23 Juillet 2016
July 19, 2016
The central government lifted an evacuation order for the southern part of Minami-Soma, Fukushima Prefecture, on July 12 for the first time since the massive earthquake and tsunami triggered a devastating accident at the Fukushima No. 1 nuclear power plant in March 2011.
It marks the sixth time that evacuation orders have been lifted for locales in Fukushima Prefecture, following such municipalities as Naraha and Katsurao. The number of local residents affected by the latest move is more than 10,000, higher than in any previous instance.
Residents of such municipalities in the prefecture as Iitate, Tomioka and Namie have yet to be allowed to return to their homes. But the central government plans to lift evacuation orders on all areas of the prefecture excluding "difficult-to-return zones," where levels of radiation remain dangerously high, by March 2017.
The longer people in disaster-affected areas live as evacuees, the more difficult it becomes for them to rebuild their lives.
The lifting of an evacuation order based on the progress that has been made in decontaminating polluted areas and restoring damaged infrastructure will give local residents an opportunity for a fresh start. In Minami-Soma, residents who have been hoping to restart their former lives have already returned to their homes. Various organizations are expanding their activities in the city to help rebuild the local communities.
In previous cases, however, only 10 to 20 percent of the residents said they would immediately return to where they lived before the catastrophic accident occurred.
In addition to residents who have decided to move to other parts of the nation, there are also many people who find it difficult to return home for the time being due to reasons related to employment, education, nursing care and other factors. Some people want to wait a while longer to see how their communities will be revived.
Sooner or later, all evacuees will face the choice of returning or migrating.
For both groups, measures to support their efforts to rebuild their livelihoods should be worked out. But support should also be provided to people who cannot make up their minds yet.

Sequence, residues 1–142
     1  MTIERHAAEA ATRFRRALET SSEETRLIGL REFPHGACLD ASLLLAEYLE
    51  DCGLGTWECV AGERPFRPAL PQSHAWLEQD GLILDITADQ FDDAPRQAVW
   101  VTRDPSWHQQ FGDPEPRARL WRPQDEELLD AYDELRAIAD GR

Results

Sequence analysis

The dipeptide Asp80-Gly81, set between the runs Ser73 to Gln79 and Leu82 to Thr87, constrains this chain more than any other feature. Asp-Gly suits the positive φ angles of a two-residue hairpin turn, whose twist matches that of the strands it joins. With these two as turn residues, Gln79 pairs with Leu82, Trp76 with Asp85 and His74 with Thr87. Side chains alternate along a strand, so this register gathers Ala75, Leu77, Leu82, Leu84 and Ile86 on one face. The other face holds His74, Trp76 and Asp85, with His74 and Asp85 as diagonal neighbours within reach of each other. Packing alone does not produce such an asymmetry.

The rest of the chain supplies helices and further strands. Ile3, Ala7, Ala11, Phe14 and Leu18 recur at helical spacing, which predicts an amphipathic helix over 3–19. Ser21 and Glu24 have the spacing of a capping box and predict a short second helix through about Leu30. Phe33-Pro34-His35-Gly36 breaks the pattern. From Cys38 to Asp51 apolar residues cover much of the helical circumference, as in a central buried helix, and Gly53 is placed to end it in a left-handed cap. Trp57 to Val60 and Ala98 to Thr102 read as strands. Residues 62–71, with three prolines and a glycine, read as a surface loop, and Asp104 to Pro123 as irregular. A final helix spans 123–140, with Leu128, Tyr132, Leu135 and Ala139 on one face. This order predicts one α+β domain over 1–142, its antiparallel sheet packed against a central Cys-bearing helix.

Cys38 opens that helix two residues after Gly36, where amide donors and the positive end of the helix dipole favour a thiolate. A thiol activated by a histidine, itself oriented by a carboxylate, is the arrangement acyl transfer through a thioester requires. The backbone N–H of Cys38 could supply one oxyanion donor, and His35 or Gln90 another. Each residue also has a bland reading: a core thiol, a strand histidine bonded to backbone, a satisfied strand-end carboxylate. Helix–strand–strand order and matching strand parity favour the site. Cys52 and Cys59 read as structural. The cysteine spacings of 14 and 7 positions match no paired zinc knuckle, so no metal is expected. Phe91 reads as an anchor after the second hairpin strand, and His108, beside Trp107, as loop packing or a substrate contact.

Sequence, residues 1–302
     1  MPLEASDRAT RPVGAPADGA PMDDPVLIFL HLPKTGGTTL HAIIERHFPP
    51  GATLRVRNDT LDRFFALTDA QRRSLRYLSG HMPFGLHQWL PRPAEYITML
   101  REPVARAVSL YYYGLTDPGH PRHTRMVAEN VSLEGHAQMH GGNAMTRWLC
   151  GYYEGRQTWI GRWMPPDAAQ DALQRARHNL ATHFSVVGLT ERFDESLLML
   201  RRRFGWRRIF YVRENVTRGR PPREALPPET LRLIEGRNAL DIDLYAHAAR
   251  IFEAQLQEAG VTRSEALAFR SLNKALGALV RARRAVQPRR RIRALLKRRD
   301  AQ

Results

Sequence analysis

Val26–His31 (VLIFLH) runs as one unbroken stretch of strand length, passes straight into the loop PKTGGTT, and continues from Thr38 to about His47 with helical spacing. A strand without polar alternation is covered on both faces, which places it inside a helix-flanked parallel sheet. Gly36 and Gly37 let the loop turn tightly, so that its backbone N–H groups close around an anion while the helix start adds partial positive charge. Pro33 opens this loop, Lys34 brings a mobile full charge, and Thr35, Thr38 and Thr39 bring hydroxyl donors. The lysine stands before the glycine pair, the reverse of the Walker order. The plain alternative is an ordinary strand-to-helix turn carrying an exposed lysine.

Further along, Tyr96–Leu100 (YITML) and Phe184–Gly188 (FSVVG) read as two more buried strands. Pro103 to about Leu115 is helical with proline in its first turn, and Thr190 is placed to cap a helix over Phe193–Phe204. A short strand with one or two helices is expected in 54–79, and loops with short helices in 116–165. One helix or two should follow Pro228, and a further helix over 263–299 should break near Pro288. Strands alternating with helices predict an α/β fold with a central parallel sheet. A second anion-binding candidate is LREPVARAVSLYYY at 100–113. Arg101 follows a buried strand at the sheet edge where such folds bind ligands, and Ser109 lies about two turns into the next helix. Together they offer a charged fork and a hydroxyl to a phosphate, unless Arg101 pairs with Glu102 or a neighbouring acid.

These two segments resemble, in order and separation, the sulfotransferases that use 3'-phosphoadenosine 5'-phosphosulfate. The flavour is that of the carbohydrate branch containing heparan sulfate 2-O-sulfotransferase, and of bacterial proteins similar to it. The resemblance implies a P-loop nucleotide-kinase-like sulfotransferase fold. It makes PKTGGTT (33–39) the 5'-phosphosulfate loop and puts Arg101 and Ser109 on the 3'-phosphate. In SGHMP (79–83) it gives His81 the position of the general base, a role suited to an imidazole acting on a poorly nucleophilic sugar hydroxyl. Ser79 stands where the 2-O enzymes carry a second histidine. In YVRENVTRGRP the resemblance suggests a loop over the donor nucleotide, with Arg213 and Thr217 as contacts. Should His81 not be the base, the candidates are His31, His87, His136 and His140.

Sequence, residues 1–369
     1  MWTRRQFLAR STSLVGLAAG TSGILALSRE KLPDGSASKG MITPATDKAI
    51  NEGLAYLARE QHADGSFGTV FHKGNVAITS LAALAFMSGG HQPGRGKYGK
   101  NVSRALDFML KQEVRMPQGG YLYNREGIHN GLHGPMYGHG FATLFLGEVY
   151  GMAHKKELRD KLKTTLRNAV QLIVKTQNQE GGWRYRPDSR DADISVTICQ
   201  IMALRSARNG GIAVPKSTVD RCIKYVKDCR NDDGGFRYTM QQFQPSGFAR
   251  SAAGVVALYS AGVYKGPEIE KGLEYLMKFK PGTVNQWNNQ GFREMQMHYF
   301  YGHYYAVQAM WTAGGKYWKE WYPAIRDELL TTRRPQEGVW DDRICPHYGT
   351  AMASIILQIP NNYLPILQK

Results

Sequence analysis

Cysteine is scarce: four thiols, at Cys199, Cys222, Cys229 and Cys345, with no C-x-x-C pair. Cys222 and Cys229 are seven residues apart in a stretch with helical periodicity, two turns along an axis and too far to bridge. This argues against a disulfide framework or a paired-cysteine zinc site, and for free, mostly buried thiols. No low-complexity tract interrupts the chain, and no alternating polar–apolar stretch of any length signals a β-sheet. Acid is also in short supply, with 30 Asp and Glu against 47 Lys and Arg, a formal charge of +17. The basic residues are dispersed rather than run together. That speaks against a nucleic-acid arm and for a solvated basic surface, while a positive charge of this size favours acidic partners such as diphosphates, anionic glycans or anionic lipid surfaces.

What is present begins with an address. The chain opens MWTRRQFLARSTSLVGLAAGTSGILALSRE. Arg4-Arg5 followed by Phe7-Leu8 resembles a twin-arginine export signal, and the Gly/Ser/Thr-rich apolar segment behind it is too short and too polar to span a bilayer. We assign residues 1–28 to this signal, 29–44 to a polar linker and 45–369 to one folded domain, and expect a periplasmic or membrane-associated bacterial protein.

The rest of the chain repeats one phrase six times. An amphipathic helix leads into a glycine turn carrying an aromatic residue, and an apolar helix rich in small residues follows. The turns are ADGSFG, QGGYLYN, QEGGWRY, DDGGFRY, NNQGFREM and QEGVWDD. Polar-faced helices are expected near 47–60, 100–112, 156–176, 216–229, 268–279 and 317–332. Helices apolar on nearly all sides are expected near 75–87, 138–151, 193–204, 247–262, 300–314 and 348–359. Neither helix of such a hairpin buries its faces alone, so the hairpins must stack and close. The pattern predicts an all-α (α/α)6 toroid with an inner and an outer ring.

A situation where evacuees are under strong pressure to make their decisions quickly should be avoided.
Take the issue of compensation paid to local residents in affected areas, for example. Tokyo Electric Power Co., the operator of the crippled Fukushima nuclear plant, is paying 100,000 yen ($945) of compensation per month to each of the people affected. But the utility’s cash payments are scheduled to be terminated in March 2018.
A time limit has also been set for the company’s compensation to people who have seen their incomes fall or disappear in the aftermath of the disaster.
Excessive dependence on compensation could hamper the efforts of evacuees to restart their lives.
But there are people who have no prospects of returning to their lives before the accident and therefore have no choice but to depend entirely on a monthly payment from the utility.
A way should be found to keep compensating those who really need the money for a certain period after evacuation orders are lifted, according to the circumstances of individual evacuees.
One idea worth serious consideration is the establishment by lawyers and other experts of a neutral organization to assess the circumstances of evacuees for this purpose. This is an approach modeled on the standard procedures for out-of-court dispute settlements.
The concept of “residents” should also be reconsidered. There are many evacuees who have decided to move to other areas but still wish to maintain their hometown ties. These people say they want to return home someday or to get involved in rebuilding their communities in some way.
Scholars have offered ideas to respect their wishes. One would allow them to have a dual certificate of residence for both their previous and current addresses. Another would permit them to become involved in the efforts to rebuild their hometowns while living in other areas.
These ideas can be useful not just for the reconstruction of disaster-stricken areas but also for the revitalization of depopulated rural areas around the nation.
Reviving communities that have been ravaged by the nuclear disaster will inevitably be an unprecedented and long-term process, which requires flexible thinking.
--The Asahi Shimbun, July 15